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Collecting and preserving

plant specimens, a manual


Second Edition
Queensland Herbarium

August 2016 v 2.1


Department of Science, Information Technology and Innovation

Prepared by

Tony Bean
Queensland Herbarium
Science Delivery Division
Department of Science, Information Technology and Innovation
Brisbane Botanic Gardens Mt Coot-tha, Mt Coo-tha road, Toowong
Brisbane QLD 4066

© The State of Queensland (Department of Science, Information Technology and Innovation) 2016

The Queensland Government supports and encourages the dissemination and exchange of its information. The
copyright in this publication is licensed under a Creative Commons Attribution 3.0 Australia (CC BY) licence

Under this licence you are free, without having to seek permission from DSITI, to use this publication in accordance with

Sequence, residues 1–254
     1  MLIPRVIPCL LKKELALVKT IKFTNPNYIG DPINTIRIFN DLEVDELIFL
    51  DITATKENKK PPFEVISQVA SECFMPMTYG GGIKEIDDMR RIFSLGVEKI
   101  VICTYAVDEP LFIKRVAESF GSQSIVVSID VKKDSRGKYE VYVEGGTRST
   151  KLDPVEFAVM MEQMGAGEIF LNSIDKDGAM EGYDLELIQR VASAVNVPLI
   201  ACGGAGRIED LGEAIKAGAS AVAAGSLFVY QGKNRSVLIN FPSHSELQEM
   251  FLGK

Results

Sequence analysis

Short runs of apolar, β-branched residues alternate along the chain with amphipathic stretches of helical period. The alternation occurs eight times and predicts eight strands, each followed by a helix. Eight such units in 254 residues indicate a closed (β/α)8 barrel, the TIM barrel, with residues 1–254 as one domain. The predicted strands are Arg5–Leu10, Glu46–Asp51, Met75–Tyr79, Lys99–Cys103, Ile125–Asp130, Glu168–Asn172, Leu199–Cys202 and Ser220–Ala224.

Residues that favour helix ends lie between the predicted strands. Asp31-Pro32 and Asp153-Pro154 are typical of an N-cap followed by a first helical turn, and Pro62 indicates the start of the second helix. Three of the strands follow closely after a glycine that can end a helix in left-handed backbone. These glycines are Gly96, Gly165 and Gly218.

the licence terms.
You must keep intact the copyright notice and attribute the State of Queensland, Department of Science, Information
Technology and Innovation as the source of the publication.
For more information on this licence visit http://creativecommons.org/licenses/by/3.0/au/deed.en

Disclaimer

This document has been prepared with all due diligence and care, based on the best available information at the time of
publication. The department holds no responsibility for any errors or omissions within this document. Any decisions made
by other parties based on this document are solely the responsibility of those parties. Information contained in this
document is from a number of sources and, as such, does not necessarily represent government or departmental policy.

If you need to access this document in a language other than English, please call the Translating and Interpreting